A guide to award submissions :
We've entered (and won a few) awards now for a number of businesses. Win or not they really are a valuable process to go through. Finalists get certificates which look impressive and the recognition of just attending and being in the mix is great publicity. Awards Dinners are a great opportunity to network and celebrate achievements by everyone in your industry.
Most awards allow around six weeks to complete submissions, but you should start as soon as they open. Sometimes there are even bonus prizes for early bird submissions.
The first submission generally takes up the most time and others can be adapted from there. So enter as many award categories that are relevant to your business.
Before getting started dig up any relevant documents you have (previous award submissions and About Us documents etc) to inspire your answers.
You don't need to reinvent the wheel, if your About Us wording is sufficient, then use it. There might be paragraphs on your website or LinkedIn profile that could also be used.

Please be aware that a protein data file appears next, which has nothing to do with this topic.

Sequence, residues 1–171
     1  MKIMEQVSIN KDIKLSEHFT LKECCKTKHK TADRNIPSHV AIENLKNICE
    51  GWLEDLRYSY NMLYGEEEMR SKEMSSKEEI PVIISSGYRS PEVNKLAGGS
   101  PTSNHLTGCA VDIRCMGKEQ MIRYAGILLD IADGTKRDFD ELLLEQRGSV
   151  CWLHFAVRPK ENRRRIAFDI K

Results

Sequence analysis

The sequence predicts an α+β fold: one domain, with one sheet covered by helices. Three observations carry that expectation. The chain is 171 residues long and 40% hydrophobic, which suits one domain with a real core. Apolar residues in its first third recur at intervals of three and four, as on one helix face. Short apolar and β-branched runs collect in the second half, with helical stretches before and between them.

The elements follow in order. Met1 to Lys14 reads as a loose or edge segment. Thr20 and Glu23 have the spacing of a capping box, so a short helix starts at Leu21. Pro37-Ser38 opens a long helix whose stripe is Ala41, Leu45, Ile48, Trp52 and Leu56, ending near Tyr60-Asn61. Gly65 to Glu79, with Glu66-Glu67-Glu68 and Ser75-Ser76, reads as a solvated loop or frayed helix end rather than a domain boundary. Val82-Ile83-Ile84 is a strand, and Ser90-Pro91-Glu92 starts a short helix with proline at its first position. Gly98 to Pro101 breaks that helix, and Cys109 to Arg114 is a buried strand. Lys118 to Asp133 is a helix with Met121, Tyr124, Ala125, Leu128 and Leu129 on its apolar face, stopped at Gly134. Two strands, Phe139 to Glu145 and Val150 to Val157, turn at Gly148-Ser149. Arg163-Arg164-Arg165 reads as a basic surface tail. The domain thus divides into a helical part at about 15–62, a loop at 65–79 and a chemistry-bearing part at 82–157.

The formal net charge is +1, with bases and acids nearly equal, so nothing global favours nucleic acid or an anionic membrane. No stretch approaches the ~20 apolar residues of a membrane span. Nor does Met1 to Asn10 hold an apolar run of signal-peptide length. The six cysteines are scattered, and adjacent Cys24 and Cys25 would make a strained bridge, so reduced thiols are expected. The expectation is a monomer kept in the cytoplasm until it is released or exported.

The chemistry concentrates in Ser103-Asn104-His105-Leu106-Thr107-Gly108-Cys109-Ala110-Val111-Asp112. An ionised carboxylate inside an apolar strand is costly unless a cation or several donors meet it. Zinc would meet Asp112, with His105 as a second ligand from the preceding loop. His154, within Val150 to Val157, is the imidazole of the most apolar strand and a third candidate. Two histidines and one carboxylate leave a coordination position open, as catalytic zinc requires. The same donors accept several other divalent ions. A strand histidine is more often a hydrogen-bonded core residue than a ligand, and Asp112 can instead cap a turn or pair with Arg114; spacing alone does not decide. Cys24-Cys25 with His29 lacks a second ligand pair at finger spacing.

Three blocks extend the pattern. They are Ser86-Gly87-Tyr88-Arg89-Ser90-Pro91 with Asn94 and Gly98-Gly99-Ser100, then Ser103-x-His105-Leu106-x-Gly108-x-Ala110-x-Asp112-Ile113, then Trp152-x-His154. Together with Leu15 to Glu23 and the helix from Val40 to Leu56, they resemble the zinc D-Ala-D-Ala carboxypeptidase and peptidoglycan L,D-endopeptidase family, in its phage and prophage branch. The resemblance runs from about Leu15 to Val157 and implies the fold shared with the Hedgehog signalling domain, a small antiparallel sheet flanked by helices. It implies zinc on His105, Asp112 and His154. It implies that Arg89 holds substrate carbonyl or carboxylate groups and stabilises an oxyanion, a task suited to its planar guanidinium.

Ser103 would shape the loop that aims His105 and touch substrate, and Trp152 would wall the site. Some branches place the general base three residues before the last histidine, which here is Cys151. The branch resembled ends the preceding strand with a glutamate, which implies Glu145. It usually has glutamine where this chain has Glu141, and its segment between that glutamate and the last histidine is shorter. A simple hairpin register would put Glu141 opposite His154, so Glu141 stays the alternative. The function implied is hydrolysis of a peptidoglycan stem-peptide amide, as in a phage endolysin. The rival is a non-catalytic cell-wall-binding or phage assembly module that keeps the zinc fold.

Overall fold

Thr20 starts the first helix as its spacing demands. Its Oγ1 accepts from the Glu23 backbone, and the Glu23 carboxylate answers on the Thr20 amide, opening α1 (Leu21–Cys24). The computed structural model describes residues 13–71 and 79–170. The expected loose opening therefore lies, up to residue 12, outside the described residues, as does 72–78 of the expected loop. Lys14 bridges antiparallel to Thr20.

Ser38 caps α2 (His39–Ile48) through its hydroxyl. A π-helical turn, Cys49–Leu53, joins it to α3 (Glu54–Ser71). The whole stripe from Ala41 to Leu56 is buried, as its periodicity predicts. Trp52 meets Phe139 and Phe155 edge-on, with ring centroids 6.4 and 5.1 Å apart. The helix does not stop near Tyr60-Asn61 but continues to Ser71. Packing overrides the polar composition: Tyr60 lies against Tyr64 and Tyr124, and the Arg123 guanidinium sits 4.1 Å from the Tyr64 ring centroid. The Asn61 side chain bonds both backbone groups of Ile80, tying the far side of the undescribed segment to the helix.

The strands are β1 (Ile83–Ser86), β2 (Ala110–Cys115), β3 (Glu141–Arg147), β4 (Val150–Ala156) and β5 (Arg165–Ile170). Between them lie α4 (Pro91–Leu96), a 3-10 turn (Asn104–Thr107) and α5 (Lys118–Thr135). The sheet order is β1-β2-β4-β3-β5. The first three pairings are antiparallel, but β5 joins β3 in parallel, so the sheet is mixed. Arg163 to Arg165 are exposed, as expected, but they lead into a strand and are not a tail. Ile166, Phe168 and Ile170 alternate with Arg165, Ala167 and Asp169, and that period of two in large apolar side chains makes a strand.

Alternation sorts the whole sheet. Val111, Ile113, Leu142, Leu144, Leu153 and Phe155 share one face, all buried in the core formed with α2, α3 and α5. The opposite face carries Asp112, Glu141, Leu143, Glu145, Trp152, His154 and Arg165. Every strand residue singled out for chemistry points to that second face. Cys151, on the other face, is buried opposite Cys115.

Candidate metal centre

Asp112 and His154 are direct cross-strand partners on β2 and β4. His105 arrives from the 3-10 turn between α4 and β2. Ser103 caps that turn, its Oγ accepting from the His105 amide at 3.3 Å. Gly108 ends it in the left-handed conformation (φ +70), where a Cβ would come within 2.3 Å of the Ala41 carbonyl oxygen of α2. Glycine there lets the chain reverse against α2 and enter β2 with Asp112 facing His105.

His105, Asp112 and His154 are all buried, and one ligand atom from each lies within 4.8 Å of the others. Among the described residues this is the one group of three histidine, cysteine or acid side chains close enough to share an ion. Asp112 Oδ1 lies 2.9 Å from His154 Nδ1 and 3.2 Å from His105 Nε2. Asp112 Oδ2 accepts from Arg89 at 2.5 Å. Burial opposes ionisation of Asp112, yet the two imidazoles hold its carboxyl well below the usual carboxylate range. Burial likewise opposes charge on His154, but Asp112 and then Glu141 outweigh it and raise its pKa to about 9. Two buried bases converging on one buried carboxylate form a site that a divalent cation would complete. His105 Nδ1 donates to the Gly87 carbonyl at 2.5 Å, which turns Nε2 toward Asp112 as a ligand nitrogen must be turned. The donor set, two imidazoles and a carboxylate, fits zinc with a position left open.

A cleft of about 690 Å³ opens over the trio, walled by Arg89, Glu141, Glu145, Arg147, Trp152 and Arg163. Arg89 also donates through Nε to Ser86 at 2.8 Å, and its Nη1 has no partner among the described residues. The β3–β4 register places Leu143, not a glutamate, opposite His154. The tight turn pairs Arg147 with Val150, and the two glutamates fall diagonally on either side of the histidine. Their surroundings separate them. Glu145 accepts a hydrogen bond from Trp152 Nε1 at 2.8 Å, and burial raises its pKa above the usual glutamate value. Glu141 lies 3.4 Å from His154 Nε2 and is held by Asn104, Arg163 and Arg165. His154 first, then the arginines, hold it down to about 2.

From there, prepare a draft submission. It can help to jot down your answer in a few dot points first, to ensure you are answering the criteria. Then go back and expand your wording into full paragraphs.
Ask a colleague, mentor or friend (someone with a keen eye for detail who won’t let any typos slip through!) to read it over and add any additional points they think of.
Aim for short, snappy, entertaining content and stick to any word limits. Use a range of real life examples whenever you can and make the most of the words you're permitted.
Leave your submission for a few days and come back to it for a final read through, when you have fresh eyes. You might make a few adjustments or have thought of other points to include.
Remember to attach any other supporting documents that are requested.
We'd recommend writing your submissions offline before uploading your answers to any online forms. This will allow you to retain a copy of your answers (handy for next year) and it will prevent any accidental online data loss (because no-one likes rewriting things at the last minute).